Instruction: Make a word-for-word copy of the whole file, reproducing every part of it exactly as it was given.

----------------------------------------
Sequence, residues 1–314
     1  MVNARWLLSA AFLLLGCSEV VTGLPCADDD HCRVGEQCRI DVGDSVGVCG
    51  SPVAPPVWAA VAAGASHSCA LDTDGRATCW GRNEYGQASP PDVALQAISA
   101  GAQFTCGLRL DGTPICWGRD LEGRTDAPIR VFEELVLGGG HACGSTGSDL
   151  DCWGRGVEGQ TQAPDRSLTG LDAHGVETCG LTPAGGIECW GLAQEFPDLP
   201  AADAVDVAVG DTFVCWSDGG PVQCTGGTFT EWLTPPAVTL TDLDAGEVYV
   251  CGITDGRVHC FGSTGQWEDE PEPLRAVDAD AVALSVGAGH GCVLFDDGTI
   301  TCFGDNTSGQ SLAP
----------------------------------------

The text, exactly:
Sequence, residues 1–314
     1  MVNARWLLSA AFLLLGCSEV VTGLPCADDD HCRVGEQCRI DVGDSVGVCG
    51  SPVAPPVWAA VAAGASHSCA LDTDGRATCW GRNEYGQASP PDVALQAISA
   101  GAQFTCGLRL DGTPICWGRD LEGRTDAPIR VFEELVLGGG HACGSTGSDL
   151  DCWGRGVEGQ TQAPDRSLTG LDAHGVETCG LTPAGGIECW GLAQEFPDLP
   201  AADAVDVAVG DTFVCWSDGG PVQCTGGTFT EWLTPPAVTL TDLDAGEVYV
   251  CGITDGRVHC FGSTGQWEDE PEPLRAVDAD AVALSVGAGH GCVLFDDGTI
   301  TCFGDNTSGQ SLAP